Enclosure Etching

This is by no means a “must do it this way” tutorial. This is simply what works for me consistently. I will try to explain each step of my process.

Items I needed:

I start with a layout that I create using my Photoshop template. I use the same template for making a drill templates & etch masks. DO NOT FORGET TO FLIP YOUR IMAGE. I seem to remember that just as I start to iron on the etch mask of course.

Here is a copy of my Photoshop Template

I sand the enclosure with 600 grit just to get off any imperfections. The picture below doesn’t look that great but its just the awesome garage lighting.


Cut out the template and make your folds.


Lay the template face down on your enclosure and prepare it for the wrath of the iron.


Plug in your iron and get it maxed out on the heat setting. I set the iron on the enclosure for 10-20 seconds just to stick the presentation glossy paper to the enclosure so it will not move on us.


I now begin to use the tip of the iron to move back and forth over the full surface of the etch mask.


I turn the enclosure and repeat the last step.


Keep turning.


Let this “as hot as the surface of the sun” enclosure cool for about 10-15 minutes. I will then toss the enclosure in the sink with cool water running it. Wait until the paper the paper is soaked and falling apart.


Remove the paper.


I use a kitchen sponge (scrubby part) and lightly scrub the remaining paper off the art work. I know it sounds crazy to use the course scrubby part of the sponge on the toner mask, but it actually works well as long as you don’t over do it.


Here is an up close of the mask after a light scrub. The goal here is to check each small crevice in your art work and make sure there is no paper left. Notice the loops in the “L’s” and ho there is no paper left behind. This will make for a good, clean etch.


I use plain old blue scotch painters tape to mask off the sides of the enclosure so they will not be effected by the etchant.


Make sure you run your finger along the edge well to make sure the tape has fully adhered to the enclosure. I have yet to have any issues with this method in the etchant bath.


This is my fully OSHPD approved container for spent etchant. I will use new Ferric chloride solution for about 10 PCB boards then I will pour the Ferric chloride in to this container and use it just for etching enclosures. I have found that the used Ferric chloride works well on aluminum since it is much softer than copper and reacts faster.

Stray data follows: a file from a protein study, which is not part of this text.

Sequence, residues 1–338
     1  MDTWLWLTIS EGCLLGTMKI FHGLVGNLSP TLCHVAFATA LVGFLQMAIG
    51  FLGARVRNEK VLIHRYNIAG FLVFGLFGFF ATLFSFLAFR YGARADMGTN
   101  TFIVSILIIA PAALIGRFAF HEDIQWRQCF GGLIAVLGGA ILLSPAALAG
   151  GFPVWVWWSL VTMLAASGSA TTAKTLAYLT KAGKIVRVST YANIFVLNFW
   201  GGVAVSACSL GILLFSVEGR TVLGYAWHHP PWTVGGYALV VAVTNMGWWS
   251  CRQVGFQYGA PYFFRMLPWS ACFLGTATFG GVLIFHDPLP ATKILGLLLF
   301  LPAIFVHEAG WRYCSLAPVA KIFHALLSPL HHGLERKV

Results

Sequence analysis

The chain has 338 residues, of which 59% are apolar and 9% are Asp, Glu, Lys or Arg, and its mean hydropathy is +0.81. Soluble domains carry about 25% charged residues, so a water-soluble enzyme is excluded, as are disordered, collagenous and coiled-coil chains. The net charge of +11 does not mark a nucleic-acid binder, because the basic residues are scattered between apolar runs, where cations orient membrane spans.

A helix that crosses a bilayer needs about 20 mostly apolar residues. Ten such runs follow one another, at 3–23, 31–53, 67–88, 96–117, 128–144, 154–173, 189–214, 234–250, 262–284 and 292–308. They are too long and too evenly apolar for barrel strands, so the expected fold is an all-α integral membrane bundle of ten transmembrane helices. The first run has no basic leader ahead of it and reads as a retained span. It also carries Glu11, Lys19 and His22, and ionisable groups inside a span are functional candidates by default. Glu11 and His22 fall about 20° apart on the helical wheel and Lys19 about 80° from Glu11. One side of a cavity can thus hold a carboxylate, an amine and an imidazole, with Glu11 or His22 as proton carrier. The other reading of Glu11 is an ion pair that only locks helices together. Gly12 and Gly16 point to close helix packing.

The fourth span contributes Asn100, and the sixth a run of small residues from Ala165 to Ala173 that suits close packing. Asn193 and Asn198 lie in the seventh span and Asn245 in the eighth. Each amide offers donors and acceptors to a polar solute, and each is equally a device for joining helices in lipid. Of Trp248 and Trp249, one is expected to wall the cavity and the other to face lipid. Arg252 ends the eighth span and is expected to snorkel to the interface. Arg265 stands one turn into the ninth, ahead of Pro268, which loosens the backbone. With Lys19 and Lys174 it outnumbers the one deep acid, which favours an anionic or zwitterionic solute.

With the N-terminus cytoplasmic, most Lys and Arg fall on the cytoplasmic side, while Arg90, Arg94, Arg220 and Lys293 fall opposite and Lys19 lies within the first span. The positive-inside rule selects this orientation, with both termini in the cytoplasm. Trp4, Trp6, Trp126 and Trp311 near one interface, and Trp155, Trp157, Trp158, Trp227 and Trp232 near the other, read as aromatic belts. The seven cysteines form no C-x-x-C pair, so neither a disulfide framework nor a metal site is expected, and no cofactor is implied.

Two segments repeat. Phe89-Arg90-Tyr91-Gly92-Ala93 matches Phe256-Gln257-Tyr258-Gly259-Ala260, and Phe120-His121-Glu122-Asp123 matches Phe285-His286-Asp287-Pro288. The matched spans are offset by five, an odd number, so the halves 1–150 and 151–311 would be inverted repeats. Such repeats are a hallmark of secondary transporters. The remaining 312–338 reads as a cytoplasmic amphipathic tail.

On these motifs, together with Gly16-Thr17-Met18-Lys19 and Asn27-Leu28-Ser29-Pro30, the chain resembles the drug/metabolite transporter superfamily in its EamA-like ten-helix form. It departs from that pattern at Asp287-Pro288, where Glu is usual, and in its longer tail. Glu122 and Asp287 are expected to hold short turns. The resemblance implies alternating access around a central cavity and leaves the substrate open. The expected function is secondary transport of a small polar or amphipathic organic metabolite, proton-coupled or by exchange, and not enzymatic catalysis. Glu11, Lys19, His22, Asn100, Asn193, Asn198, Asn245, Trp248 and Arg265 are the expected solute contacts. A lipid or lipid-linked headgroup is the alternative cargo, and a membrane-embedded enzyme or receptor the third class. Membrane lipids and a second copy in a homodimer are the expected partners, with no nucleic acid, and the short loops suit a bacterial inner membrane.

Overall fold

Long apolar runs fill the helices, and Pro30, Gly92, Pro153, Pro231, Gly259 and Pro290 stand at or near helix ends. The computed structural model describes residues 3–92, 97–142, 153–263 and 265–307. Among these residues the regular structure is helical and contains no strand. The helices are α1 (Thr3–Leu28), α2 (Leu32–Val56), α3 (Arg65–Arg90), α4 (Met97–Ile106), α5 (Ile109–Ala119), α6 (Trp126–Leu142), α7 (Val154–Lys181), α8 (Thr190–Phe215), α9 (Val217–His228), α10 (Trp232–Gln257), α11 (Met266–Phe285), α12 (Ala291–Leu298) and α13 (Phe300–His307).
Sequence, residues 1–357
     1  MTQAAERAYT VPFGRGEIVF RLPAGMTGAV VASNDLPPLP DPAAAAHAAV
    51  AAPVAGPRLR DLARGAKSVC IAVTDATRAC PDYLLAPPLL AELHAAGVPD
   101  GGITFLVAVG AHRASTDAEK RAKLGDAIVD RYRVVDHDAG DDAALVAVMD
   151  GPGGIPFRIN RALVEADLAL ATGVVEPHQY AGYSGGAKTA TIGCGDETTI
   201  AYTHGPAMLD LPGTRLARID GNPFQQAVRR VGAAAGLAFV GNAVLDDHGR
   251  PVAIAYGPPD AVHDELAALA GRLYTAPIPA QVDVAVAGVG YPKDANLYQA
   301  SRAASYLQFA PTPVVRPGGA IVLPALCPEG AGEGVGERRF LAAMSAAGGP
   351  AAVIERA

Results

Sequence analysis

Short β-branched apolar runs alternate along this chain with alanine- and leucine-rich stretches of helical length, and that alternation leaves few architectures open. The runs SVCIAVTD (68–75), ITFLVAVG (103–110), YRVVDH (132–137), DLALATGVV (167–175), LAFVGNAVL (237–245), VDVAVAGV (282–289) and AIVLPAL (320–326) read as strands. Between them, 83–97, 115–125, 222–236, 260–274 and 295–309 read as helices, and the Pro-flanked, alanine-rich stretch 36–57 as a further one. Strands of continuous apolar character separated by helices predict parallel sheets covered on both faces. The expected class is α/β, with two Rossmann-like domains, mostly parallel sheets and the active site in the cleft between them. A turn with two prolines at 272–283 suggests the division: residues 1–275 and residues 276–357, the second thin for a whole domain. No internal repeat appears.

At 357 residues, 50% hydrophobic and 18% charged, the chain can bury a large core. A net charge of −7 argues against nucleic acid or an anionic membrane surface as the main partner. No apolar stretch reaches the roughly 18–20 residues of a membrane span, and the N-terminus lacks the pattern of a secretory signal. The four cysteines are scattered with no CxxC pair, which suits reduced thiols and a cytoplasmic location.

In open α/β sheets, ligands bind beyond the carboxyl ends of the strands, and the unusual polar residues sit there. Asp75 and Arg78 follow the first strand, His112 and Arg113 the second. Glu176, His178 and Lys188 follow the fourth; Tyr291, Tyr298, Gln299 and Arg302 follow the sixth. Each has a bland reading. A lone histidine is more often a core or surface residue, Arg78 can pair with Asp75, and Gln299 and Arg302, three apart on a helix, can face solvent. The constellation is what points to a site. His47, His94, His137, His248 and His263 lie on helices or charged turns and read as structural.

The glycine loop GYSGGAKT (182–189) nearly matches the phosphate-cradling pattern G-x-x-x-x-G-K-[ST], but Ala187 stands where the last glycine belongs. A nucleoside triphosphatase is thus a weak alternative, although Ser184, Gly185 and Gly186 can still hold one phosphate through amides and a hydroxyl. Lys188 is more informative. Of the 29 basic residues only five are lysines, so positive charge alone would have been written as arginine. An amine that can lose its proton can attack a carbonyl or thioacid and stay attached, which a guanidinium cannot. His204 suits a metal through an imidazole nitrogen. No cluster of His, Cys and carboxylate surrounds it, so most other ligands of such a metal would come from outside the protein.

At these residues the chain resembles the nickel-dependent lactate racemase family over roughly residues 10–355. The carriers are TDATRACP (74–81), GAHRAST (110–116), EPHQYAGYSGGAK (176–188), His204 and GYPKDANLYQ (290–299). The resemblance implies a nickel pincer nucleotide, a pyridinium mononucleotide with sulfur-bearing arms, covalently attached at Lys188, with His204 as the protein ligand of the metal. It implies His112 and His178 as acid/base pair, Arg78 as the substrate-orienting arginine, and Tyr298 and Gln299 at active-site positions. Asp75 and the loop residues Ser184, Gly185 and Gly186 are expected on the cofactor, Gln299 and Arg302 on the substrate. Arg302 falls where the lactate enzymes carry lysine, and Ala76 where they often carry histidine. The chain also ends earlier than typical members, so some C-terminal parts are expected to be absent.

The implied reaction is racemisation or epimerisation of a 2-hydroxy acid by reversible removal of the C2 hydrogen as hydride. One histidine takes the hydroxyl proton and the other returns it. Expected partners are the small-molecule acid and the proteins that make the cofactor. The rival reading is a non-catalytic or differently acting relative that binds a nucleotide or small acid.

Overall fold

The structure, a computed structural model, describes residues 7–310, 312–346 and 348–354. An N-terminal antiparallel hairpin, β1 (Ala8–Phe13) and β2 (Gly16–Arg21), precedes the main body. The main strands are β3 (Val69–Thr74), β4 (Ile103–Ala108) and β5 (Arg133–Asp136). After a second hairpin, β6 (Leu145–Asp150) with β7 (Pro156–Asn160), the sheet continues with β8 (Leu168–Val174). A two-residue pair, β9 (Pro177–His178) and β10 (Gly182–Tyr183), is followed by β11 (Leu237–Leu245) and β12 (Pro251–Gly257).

I use Rubermaid or the 99 cent store alternative sandwich containers to hold clean water and the ferric chloride solution. I also setup some small pliers to hold on to the enclosure with since it will get every hot to the touch in the ferric chloride.


Here is an example of how I do the etching bath. Don’t mind the messy bench or my huge hairy arms. As you can see in the video I use a dipping motion in the etchant and then the same dipping motion in the water. I found that this helps rid the enclosure from any of the deposits that are left on the face from the etchant and helps keep the etch consistent.

After done with the Ferric chloride dips and the water dips I then take the enclosure to the since and prepare for a final rinse and scrub.


Here is a closer look at the etch and what is left of the mask on the enclosure. Looks pretty bad at this point doesn’t it? It will look 100X better once its scrubbed a bit, I promise.


Remove the tape from the enclosure.


And using a different sponge than the one you used for the paper scrubbing in above step, start to scrub the enclosure until all rust colored residuals are gone and you are left with a aluminum color.


Here is a close up and at this point you can see how deep the etch is.


At this point I like to get the holes drilled for my hardware. I use my Photoshop template that I used for the etch mask and print out a drill template.


Cut out the template and lay it on the enclosure and use the punch tool to punch out my centers of the hardware.


Like so…


Unibit and a drill press were the 2 most used tools on my bench. If you are going to make this a hobby then I suggest sell a few pedals and buy these tools ASAP.


I then use a reamer to clean up the holes a bit from any burrs or shavings.


Enclosure painting tutorial

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  1. Johnny

    Helpful & straightforward etching advice Cody. Thanks for taking the time to put together the tutorials. You’ve encouraged me to try etching an enclosure myself now. (Personally I always wear rubber gloves when handling & using ferric chloride; also goggles… a bit OTT maybe, but I’d rather not get any stains on my skin if I can help it). Cheers, Johnny

    • cdeschenes

      Johnny, thanks for the comments and concerns. I normally use gloves but found it hard to do so when filming. But I agree with you, stains suck and who knows what it does to your skin chemically.

  2. MW Hemingway

    This, and your whole blog really, are an amazing service for a pedal building novice like myself. Thank you! I didn’t think I’d bother with etching, but this is the first thing I’ve seen that didn’t make it look intimidating. I’d love to see you do a quick tutorial on what you do to paint pedals as well.

    • cdeschenes

      Thanks for the kind words. I am working on a painting tutorial but its been on hold for awhile due to time constraints with work right now. Hope to have something soon.